Review: ‘Jimmy Savile — What the BBC Knew’

If Jimmy Savile thought after he died he was going to rest in peace, he was sorely mistaken. Last night saw yet another programme in this still unfolding saga.

Jimmy Savile.

Under what heading should this Review be filed: Crime? Entertainment? Odd News? Very odd. Certainly one should consider filing it under Fiction, because there is undoubtedly a lot of fiction in the ongoing saga of James Wilson Vincent Savile, alleged serial sex abuser. Note that word, alleged.

It is now taken for granted both that the late Jimmy Savile was a predatory paedophile and that many people at the BBC knew he was one. Certainly the number of allegations against him is impressive, but if truth were decided by a mere vote, the dead would walk, aliens would have landed, and George W. Bush would have been executed for orchestrating 9/11, along with Dick Cheney, several hundred FBI, CIA and Mossad agents and Uncle Tom Cobbleigh and all.

Last night, the BBC screened a special Panorama programme, which was an investigation into a Newsnight programme about the DJ that was not broadcast. Instead, the BBC opted to run a tribute programme.

Among those interviewed was Paul Gambaccini, who was working with Savile at the time in a generic sense, though he stressed he was then a junior DJ. He expressed amazement that the tribute programme had gone ahead, as well he might, because no one is ever likely to accuse him of abusing young girls.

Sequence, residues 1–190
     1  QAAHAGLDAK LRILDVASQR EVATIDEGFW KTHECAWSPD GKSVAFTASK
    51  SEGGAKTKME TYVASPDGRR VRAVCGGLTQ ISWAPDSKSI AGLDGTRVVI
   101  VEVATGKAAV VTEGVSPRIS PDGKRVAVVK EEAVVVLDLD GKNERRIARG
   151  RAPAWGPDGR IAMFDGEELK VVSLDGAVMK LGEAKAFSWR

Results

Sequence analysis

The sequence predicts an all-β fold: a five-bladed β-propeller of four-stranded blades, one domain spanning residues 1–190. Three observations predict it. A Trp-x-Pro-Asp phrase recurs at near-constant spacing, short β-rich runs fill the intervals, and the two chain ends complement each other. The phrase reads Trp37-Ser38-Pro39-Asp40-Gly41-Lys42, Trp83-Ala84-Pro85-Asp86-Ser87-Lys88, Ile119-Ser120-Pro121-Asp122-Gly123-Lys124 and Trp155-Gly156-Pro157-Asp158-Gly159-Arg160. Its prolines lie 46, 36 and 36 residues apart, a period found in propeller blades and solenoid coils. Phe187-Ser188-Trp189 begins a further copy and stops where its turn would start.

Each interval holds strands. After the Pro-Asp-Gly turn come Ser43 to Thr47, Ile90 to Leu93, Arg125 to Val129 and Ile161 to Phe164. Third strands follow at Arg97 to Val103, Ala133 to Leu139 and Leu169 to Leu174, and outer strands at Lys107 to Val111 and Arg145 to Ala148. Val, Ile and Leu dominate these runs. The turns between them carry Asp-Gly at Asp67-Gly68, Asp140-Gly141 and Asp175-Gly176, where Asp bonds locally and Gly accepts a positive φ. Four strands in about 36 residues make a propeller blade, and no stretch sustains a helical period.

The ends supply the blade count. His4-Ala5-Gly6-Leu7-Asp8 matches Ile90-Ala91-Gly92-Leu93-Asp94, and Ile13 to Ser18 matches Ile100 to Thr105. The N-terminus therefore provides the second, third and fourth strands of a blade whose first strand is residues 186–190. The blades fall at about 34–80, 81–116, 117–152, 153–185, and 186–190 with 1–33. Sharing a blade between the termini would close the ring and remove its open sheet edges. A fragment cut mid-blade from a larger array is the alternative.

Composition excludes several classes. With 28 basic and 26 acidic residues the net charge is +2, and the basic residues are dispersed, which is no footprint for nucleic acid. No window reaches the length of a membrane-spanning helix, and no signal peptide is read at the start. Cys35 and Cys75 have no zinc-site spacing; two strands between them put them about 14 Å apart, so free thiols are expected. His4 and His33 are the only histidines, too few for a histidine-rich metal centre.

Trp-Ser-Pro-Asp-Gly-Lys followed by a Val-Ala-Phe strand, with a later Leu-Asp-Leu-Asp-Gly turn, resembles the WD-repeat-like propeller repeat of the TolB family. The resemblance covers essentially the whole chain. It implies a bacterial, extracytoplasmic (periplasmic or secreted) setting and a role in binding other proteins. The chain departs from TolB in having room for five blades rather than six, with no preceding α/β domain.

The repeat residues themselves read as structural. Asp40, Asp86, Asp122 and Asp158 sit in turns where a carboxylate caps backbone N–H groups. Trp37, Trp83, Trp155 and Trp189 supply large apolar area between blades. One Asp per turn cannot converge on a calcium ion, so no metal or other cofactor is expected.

Broadcaster and musicologist Paul Gambaccini.

The list of Savile’s accusers now runs into hundreds, and for some time there has been talk of some or perhaps many of them suing the BBC, and other organisations. Indeed, some have already consulted lawyers. People may not be able to detect a man abusing young girls under their very noses for years or even decades, but we can all smell money. And the nature of the allegations against Savile is such that some people must have known, in a literal sense, what he was doing, that is if he was doing it.

One woman claims that Gary Glitter had sex with an underage girl in Savile’s dressing room. Glitter is now a convicted paedophile, of course, and therefore an easy target, but it seems strange that this allegation was not raised at the time of his conviction here for possessing child pornography, nor during his troubles in the Far East where he was caught red-handed interfering with very young girls, nor even on his return to the UK.

The most bizarre allegation against Savile was not made in this programme, this is the suggestion that he was a necrophiliac. There is at least one allegation of sexual abuse against a young boy.

So how strong is the evidence against this man that he actually did anything wrong?

The vast majority of the allegations are of the sort that can never be proved either way. If a woman claims she has been raped and has semen in her vagina from her assailant, we can be fairly certain his denial of any sexual contact amounts to an affirmation of his guilt. If however she (or he) makes an allegation of something like inappropriate touching, it is a case of who is the more plausible. This is not a pleasant choice for anyone to have to make, especially as even a convicted rapist may be innocent, as in the case of prison nurse Karen Cosford.

The allegations against Savile relating to Duncroft School appear to have a certain consistency, but appearances can be deceptive.

There was an investigation of sorts by the BBC in 1973; Savile was even confronted over the allegations. The consensus was that the rumours had no basis to them.

There are two allegations dating from 1994, contemporaneous ones by two girls from Duncroft. These or this was investigated by the Mirror, but nothing came of it. Then there is the Surrey Police investigation we knew about already, this dates from 2007 and relates to something that may have happened in the 1970s.